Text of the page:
While you may be offering a great service, that alone isn’t always enough for customers to stay loyal to you.
In fact, research by SuperOffice shows that the number one reason a customer leaves a company is because they believe that the company doesn’t care about them. That applies to a staggering 68% of customers who leave.
Good customer service develops customer loyalty, so what steps can you take to improve retention, which KPMG describes as the single most significant revenue driver?
Customer Relationship Management (CRM) software is a fantastic tool for sales and marketing teams and can be put to great use towards improving customer retention. If you need a reminder as to what a CRM is, it’s software designed to help you organise and maintain up-to-date information about your customers.
By offering sales professionals and marketers a more comprehensive view of their relevant customer data, CRMs can allow you to generate and progress sales and ultimately provide a better service to your customers.
You may already be aware that a CRM is extremely valuable for connecting with your customers, building out existing relationships, tracking customer interactions and recognising sales opportunities and potential leads. What you may not know is how to utilise a CRM to improve the retention of your customers.
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How a CRM can help
The ‘R’ in CRM stands for relationship, and that’s the key. A relationship is something you develop with your customers over time and a CRM will help you develop a greater understanding of your customer as time goes on. The more you are able to understand your customer as an individual, and the more you are able to interact with them on an individual basis, the better your relationship can be.
So what can you actually do, with the help of a CRM, to impact customer retention?
Utilising surveys, polls and other direct feedback opportunities means you can listen to what your customers want to say. One of the great benefits of a CRM is that having accurate and updated data to hand allows you to hugely decrease the level of guesswork involved in your strategy.
- Personalise communications
With the help of CRM data, you can demonstrate to each customer that you do understand them, and do care about them. Once data has been collected, you can use that data to provide customers with targeted, relevant information and offers which they have a higher chance of engaging with. You may want, for example, to send a different message to your customers whose mortgages are due to mature than to those who have recently remortgaged.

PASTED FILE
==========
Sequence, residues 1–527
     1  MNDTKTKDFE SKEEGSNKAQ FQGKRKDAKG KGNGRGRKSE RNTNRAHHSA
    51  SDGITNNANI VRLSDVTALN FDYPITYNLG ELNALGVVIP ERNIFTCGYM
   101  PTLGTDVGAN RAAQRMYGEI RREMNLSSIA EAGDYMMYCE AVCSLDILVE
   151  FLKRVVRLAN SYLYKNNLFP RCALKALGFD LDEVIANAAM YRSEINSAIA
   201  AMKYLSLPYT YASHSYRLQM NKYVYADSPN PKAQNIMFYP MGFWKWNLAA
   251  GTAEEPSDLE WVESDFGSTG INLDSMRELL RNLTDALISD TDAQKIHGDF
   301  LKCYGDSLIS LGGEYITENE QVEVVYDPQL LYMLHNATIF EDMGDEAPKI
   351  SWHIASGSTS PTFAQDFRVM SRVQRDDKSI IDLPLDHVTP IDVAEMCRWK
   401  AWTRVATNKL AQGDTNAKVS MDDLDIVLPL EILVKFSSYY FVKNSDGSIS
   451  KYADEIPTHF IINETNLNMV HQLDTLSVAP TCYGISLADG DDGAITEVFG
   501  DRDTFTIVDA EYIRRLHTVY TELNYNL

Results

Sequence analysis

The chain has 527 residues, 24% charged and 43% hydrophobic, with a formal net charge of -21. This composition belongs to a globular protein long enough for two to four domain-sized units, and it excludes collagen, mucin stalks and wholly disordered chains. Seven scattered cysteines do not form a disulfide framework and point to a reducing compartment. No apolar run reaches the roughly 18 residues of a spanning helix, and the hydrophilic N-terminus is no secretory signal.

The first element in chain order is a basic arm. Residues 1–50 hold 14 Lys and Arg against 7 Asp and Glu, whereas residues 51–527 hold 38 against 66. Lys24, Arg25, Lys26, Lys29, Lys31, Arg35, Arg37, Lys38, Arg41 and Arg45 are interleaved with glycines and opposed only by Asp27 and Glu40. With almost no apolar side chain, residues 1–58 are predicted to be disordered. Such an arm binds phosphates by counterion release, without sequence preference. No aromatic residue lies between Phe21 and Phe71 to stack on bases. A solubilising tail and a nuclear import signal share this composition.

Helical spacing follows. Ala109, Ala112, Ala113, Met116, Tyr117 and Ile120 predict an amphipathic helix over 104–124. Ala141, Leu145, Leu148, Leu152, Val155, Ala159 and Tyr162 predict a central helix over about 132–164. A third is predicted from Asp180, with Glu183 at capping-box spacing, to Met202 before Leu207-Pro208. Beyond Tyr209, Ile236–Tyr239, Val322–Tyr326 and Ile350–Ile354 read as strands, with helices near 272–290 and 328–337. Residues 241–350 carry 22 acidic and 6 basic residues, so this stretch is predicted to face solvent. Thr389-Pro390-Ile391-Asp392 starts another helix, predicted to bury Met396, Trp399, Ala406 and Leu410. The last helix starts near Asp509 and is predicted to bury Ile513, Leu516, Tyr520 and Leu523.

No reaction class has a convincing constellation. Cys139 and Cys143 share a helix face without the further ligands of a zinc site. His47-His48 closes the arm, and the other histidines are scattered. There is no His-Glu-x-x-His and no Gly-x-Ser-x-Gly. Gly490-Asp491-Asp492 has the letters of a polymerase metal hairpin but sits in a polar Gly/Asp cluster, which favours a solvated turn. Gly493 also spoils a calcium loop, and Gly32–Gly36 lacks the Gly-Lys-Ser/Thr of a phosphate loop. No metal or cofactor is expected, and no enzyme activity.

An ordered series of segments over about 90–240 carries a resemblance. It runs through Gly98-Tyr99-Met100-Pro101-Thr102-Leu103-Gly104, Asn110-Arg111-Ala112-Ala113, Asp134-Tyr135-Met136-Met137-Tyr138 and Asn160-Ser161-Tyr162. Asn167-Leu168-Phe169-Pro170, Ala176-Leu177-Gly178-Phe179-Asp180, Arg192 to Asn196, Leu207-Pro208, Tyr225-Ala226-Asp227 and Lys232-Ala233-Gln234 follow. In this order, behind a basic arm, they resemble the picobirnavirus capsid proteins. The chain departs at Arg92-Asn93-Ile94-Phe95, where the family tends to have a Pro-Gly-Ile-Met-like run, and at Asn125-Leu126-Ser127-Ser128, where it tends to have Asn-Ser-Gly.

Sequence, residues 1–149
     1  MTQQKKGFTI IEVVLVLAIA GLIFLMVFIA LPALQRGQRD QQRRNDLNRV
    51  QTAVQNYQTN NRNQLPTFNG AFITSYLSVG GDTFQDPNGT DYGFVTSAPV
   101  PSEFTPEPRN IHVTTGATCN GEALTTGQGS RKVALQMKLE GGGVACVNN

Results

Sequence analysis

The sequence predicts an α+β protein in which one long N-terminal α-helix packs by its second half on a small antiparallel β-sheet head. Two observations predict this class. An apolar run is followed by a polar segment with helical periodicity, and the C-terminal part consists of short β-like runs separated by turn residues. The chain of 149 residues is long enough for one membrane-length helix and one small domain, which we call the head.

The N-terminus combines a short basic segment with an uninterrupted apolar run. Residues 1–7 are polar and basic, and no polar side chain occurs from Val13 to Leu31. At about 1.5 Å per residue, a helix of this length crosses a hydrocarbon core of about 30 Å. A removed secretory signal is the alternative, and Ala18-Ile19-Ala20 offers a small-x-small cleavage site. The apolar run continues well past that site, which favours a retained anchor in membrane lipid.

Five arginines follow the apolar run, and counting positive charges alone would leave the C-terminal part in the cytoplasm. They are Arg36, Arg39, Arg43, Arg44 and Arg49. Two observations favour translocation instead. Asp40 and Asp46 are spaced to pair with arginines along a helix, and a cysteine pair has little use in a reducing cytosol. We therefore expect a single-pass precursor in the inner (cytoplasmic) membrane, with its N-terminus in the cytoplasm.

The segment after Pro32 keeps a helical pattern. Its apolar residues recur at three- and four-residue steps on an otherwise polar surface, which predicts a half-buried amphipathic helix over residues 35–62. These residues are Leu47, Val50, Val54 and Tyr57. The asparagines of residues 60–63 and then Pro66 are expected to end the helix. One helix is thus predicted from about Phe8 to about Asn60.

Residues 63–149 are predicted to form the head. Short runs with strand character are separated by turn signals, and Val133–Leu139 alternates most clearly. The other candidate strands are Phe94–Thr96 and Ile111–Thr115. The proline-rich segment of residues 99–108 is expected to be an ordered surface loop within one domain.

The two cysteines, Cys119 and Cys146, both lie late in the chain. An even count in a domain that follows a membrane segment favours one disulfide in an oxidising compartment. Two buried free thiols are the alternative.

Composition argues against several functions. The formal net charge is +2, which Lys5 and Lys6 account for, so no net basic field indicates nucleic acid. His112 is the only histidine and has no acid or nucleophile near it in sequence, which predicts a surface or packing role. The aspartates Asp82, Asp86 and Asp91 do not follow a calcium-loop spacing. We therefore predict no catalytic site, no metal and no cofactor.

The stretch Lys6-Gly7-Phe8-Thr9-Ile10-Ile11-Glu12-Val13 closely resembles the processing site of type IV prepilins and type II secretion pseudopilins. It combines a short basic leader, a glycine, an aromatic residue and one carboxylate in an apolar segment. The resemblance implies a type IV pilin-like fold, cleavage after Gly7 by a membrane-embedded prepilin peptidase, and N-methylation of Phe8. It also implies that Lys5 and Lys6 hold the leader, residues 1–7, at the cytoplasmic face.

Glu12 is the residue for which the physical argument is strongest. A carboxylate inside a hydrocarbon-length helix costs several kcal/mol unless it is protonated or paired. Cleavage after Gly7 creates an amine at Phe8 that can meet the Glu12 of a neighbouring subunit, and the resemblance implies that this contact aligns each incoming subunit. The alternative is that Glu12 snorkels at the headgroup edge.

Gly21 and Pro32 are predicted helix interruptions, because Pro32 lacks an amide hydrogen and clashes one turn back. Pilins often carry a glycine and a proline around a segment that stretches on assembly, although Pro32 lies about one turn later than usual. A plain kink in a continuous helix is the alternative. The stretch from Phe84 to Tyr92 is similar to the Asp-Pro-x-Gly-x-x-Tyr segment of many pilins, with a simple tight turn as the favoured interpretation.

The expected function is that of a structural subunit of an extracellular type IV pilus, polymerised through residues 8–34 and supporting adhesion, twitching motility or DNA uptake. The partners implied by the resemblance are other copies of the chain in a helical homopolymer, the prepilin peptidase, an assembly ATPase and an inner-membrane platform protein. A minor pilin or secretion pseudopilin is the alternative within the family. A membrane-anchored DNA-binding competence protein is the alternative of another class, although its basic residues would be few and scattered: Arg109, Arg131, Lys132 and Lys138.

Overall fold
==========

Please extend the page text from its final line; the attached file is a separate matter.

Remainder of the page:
- Recognise early warning signs
Customer retention is as much about stopping customers from leaving as it is about making them stay. Often those customers who are at risk of moving on from you will display signals of their intentions. This might show through the nature of their recent customer service enquiries or a change in frequency of those enquiries. The specific metrics by which to measure your customers’ happiness will differ, but with a CRM in place you’ll find it easier to keep track of them.
- Notify customers of future opportunities
Think about the services your customer doesn’t need today but could benefit from in the future. The earlier you start the conversation around, for example, remortgaging for home improvements, the more time it gives your customer to consider the idea. In hand with the data your CRM can retain on your customers, you can be more sure that you’re suggesting the products that will spark the most interest from them.
Keeping to your promises around follow-up calls and appointments is essential to maintaining your professionalism and demonstrating that you value your customers’ time. CRM allows for automatic scheduling and monitoring of appointments to make sure you never miss a call. This is especially useful during key times of the year like March, or between September and November.
CRM tools are great for minimising the leg work. Utilising automation is a no-brainer. Trigger-based events, for example welcome emails and confirmation responses, can demonstrate a 5x higher open rate and 15x higher click-through rate than their standard counterparts.
Learn More: How to build relationships as a broker
There is so much that can be achieved through the use of a good CRM. The main goal of customer retention is keeping your customers happy and engaged in order to keep them loyal to you and your business and ultimately deliver the best outcome for all parties. You should be using all of the tools at your disposal to achieve that.
Learn More: How Brokers find value in a CRM